Since Gov. Jim Justice and the West Virginia Division of Highways (WVDOH) announced Operation R.I.P. Potholes on Tuesday, January 30, 2024, WVDOH road crews have patched 17,047 potholes along 3,474 miles of road. Justice and the WVDOH have been taking advantage of unseasonably warm weather to get a head start on the spring pothole patching season.   Asphalt plants in Poca, Princeton, and Morgantown remain open the week of Monday, February 19, 2024, allowing the WVDOH to make permanent pothole repairs with hot asphalt.   Roads scheduled to be milled and filled on Wednesday, February 21, 2024, include:   WV 85 and Riverside Road, Boone County. WV 4, Clay County. US 119, WV 817, WV 622, WV 61, and Indian Creek Road, Kanawha County. Jerry’s Run Road and Poindexter Road, Mason County. WV 817 and WV 62, Putnam County. US 60 and Weavers Road, Cabell County. Buffalo Calf Road and Salem Long Run Road, Doddridge County. Interstate 79, WV 131, and Marshville Road, Harrison County. WV 218, Little Mill Fall Road, and Paw Paw Creek Road, Marion County. US 119 and WV 7, Monongalia County. WV 72 and WV 24, Preston County. Berry Run and Buck Run Road, Taylor County. WV 16, Fayette County. WV 12, Greenbrier County. WV 122 and WV 12, Monroe County. WV 20, Summers County. WV 83, McDowell County. Red Sulphur Turnpike, Mercer County. Oakwood Avenue, Raleigh County.   As Operation R.I.P Potholes continues, the DOT will keep the public informed through regular press announcements.
      Read more...

      92 • 0

    • Politics & Opinions

      GreenbrierJournal

      As we have seen over the past few months in Jefferson County, there are significant issues with West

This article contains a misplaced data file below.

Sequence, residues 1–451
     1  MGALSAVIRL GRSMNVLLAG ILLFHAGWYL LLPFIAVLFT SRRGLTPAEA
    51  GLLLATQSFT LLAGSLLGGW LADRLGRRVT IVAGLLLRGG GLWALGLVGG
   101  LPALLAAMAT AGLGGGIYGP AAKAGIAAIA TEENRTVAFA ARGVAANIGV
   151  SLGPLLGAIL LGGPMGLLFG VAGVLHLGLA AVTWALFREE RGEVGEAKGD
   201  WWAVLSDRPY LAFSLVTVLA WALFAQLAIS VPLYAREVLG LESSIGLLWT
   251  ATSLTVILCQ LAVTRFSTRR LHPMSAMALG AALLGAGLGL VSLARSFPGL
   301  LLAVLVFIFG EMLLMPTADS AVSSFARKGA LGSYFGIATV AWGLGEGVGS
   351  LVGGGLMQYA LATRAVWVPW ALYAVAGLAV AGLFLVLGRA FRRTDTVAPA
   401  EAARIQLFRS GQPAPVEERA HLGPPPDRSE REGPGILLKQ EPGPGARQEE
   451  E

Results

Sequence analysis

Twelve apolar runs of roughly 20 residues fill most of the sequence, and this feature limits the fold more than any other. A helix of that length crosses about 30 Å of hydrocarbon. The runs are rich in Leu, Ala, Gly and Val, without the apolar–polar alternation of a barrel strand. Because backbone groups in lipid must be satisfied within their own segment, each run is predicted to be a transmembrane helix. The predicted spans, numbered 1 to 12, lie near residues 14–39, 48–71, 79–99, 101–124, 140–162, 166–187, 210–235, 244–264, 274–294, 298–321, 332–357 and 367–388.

Virginia State Code 3-10-7, article 10 as it pertains to filling vacancies on a county commission. Not
      only is the current code written for 3-person county commissions, but it removes the residents of the
      county from participating in the process of selecting someone to represent them. Jefferson County is
      not alone. Other counties in recent years, such as Mingo and Cabell Counties, have had to fill
      vacancies in commission seats to a mixed public reception.
      I strongly believe if we are going to amend the code, we should do it in a way that returns the power
      to the people and permits the people to ‘elect’ their representatives, even for vacant seats. I also
      believe that a small group of people on a county commission or county political executive committee
      should not have the power to appoint someone to fill a vacant seat; the people should always be part
      of the process.
      To address these issues, I have collaborated with Delegate Henry Dillon to submit a bill that will
      overhaul how vacant county commission seats are filled by returning the power to the people. Thank
      you, Delegate Dillon, for listening to the people and supporting this bill.
      House Bill 5440 states that:
      All vacancies on a county commission are to be filled by special election. The Special Election shall have a 30-day filing period followed by 60 days for campaigning. Voting for the special election shall be conducted at the county courthouse in which the vacancy occurs, and voting shall be available for five consecutive, regular business days during normal business hours. A special election will not be held if the notice of vacancy occurs within 90 days of a primary or general election. The person who is elected during the special election shall complete the entire remainder of the term of the vacant position. To qualify to run for special election a person must be a member of the same political party as the vacant seat during the last election cycle and must legally reside in the magisterial district of the vacant seat. I pray that citizens in all counties never experience the disenfranchisement that occurred in Jefferson
      County with an appointment that allowed existing commissioners to consolidate power apart from
      the will of the people. We must learn from our mistakes and lead with change that makes sense and
      work together toward amending code to address current situations for the greater good of all people,
      not just a few.
      House Bill 5440 is currently with the House Judiciary Committee. I am calling on my fellow